Between 1993 and 2001, researchers from the Research Unit for Maori Education, later the International Research Institute for Maori and Indigenous Education, based at the University of Auckland, recorded over 240 oral
testimonies from former teachers and pupils of Native, or Maori, schools. Termed the Native Schools Project, it aimed to address a perceived lack of general knowledge about the Native Schools system of education, operated
by the state between 1867 and 1969, by gathering recollections and supporting documentary resources, and then analysing the information. Appeals through public media generated responses from numerous would-be informants and direct approaches to marae-based groups, such as at Nuhaka in 1994 and Ngati Moko Marae in 1996, resulted in fruitful interviews.
The fact that some informants passed away during the project confirmed the urgent need to collect information while those who had been involved in the Native Schools system, Maori and Pakeha, were still able to tell their stories. Initially interviews focussed on those associated with the schools in and before the 1930s. They were then extended to the 1960s.
Key roles in the project were undertaken by Judith Simon, Linda Tuhiwai Smith, and Kuni Jenkins, supported by a group of at least 25 researchers who assisted in conducting interviews, locating documentary resources and
collating the information. Research essays by Department of Education students, a course prescription for which may be seen in Item 15, also contributed to the investigation, along with some theses. Examples of these
may be found in Series 5 and 6.
Funding for the project came from grants-in-aid from the University of Auckland and a Marsden Fund grant.
The native schools system = Nga kura Maori no nga ra o mua : research project progress report 1994 (Matauranga Maori 371.829 S59n) was produced, followed by two books, planned from the project’s outset: Nga kura Maori = The native schools system 1867-1967 (1998) (Matauranga Maori 371.829 S59) and A civilizing mission?: perceptions and representations of the Native Schools system (2001) (Matauranga Maori 371.829 S59c). All three works contain further information about the project and those involved. Series 4 comprises papers pertaining to their production.
Central to this collection are the oral histories recorded on sound cassettes. These are located in Series 8 and comprise separate subseries of Pakeha and Maori interviews, reflecting the original boxed arrangement.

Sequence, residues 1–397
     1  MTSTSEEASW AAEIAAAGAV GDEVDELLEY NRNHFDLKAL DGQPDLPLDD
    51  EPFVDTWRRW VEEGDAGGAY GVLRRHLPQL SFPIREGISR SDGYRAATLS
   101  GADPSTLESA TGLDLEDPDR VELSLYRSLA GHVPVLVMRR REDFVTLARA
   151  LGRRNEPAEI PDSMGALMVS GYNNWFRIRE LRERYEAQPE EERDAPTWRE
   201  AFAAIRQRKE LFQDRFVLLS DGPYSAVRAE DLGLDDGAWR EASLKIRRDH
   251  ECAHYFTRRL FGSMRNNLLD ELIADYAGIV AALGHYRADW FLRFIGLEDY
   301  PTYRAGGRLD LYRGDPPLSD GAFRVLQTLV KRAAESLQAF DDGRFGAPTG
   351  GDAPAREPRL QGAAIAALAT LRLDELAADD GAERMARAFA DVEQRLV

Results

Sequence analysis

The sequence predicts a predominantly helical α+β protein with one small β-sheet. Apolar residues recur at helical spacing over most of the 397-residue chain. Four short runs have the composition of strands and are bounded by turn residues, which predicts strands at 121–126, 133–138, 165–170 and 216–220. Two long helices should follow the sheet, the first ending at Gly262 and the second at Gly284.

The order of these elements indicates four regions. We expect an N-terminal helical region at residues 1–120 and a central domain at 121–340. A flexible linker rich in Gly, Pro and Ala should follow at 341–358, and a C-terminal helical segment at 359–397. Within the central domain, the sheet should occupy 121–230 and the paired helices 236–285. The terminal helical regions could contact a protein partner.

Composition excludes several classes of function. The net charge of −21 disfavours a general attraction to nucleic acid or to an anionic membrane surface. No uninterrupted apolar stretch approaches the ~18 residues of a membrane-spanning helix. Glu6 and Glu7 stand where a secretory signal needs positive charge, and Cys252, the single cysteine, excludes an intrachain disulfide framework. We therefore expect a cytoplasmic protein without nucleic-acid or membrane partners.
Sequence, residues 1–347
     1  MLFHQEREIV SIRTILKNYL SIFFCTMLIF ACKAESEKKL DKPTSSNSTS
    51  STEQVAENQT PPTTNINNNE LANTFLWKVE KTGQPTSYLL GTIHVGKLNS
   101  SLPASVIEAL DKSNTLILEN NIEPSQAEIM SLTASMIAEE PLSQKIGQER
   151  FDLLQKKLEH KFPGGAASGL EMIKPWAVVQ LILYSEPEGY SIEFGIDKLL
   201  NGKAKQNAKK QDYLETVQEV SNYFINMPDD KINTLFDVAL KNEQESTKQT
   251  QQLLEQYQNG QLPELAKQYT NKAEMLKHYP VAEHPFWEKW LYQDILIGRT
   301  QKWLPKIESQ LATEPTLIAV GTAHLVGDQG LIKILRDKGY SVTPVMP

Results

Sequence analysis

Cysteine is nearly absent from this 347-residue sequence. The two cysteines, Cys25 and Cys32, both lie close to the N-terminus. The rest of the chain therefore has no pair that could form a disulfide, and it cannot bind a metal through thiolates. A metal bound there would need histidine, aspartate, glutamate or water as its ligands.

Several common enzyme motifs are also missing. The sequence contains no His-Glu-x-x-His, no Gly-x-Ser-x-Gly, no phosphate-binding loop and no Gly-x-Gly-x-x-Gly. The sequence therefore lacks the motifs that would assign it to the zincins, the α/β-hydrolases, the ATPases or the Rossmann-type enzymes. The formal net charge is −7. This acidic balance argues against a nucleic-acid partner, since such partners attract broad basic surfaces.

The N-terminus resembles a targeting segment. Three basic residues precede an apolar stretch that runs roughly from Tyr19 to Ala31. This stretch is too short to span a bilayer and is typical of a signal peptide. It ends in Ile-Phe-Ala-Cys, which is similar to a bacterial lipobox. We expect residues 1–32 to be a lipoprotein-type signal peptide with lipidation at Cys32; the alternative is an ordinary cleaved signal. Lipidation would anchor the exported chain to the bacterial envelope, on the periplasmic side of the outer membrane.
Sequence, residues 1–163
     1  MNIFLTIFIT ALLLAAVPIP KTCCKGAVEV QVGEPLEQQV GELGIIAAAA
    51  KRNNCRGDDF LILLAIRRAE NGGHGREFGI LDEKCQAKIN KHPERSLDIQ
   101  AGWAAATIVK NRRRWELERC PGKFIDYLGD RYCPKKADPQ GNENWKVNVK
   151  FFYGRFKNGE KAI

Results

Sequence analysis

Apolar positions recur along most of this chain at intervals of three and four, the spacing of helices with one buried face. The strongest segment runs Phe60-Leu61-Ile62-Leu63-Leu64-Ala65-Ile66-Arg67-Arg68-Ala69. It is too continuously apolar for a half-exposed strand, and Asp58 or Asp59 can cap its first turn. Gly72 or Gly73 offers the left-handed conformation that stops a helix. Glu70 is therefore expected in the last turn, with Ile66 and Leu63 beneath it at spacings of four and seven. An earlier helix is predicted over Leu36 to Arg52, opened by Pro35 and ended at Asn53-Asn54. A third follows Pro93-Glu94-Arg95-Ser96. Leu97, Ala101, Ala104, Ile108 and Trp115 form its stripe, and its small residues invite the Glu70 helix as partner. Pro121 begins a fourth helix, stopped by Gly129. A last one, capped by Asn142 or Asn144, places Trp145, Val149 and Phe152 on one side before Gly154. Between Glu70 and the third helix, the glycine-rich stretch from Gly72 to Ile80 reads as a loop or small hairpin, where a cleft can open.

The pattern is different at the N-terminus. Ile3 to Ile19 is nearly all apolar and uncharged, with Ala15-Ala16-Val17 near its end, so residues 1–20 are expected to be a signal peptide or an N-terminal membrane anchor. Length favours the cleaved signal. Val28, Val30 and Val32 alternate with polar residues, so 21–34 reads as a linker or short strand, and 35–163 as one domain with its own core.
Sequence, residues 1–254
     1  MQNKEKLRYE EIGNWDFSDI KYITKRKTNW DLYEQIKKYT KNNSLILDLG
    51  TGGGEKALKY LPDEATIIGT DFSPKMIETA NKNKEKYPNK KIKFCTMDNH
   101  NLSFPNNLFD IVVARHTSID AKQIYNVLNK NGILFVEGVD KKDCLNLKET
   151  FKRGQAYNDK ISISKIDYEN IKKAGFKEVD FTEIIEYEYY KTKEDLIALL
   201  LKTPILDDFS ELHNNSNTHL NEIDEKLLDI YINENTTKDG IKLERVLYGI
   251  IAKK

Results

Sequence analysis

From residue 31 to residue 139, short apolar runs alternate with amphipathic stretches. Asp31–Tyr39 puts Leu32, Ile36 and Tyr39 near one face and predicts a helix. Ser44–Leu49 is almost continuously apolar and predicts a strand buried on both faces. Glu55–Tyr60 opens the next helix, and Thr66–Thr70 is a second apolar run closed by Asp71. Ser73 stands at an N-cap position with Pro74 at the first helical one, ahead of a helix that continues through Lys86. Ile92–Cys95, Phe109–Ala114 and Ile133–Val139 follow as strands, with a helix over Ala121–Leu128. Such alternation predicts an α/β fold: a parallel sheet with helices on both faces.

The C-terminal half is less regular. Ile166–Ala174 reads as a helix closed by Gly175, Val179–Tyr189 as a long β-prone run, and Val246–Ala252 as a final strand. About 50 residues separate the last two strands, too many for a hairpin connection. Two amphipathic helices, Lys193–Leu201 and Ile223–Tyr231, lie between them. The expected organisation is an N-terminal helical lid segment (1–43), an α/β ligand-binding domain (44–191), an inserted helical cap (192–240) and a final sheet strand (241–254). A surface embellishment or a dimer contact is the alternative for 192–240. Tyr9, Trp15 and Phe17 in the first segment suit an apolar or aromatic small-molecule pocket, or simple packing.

Some cassettes involve more than one named interviewee and some interviews are recorded on more than one cassette. Where individuals had been pupils and teachers, recollections of each experience were recorded on
different tapes. Interviewees chose to be interviewed in English or Maori and those who chose the latter left a valuable resource for scholars of the language. Transcripts of Maori interviews are located in Series 5, along with
consent forms and other relevant material. It should be noted that labelling on some cassettes may be inaccurate and variations occur in names of some Maori interviewees. In addition, there are master and working copies of the
sound cassettes and sometimes content may vary slightly between the two due to editing differences.
Also important are numerous primary and secondary sources, which are found within separate subseries of Series 6. School logbooks and illustrated pupils’ letters are features of Subseries 6/1. Subseries 6/2 contains information about particular native schools, staff and school activities gleaned from a wide range of sources. Included are clippings, published school histories, the Appendix to the Journals of the House of Representatives of New Zealand (AJHR), Te Waka Maori : the journal of the Native School Teachers’ Association, and material from Native School teachers in the 1930s-1940s, Len and Grace Wallbridge, donated to the Native Schools Project by their daughter, P. Kendall. A larger group of resources from Native School teachers, Mary and Joseph Lowe, comprises Subseries 6/3. Donated by their daughter Fay Fransham, these items provide a broad picture of practical issues faced and the kinds of resources necessary for teachers in the Native School system in the 1920s-1940s. Oral interviews with Grace Wallbridge and Fay Fransham, herself a former Native School teacher, are found in Series 8, and obituaries for Joseph Lowe are in Subseries 6/2, Item 104. Subseries 6/3 also includes a notebook of District Nurse Joy Alley, sister of Rewi Alley and friend of Sylvia Ashton Warner. Where present, alphabetical order and file names have been retained in Series 6.
Numerous photographs in original, reprinted and photocopied formats were gathered for the project, largely with a view to inclusion in the planned publications, and are found in Series 7. These were sourced from individuals,
existing publications, and museums, libraries and archives throughout New Zealand. Restrictions on some photographs prohibit further copying without permission from the holding institution.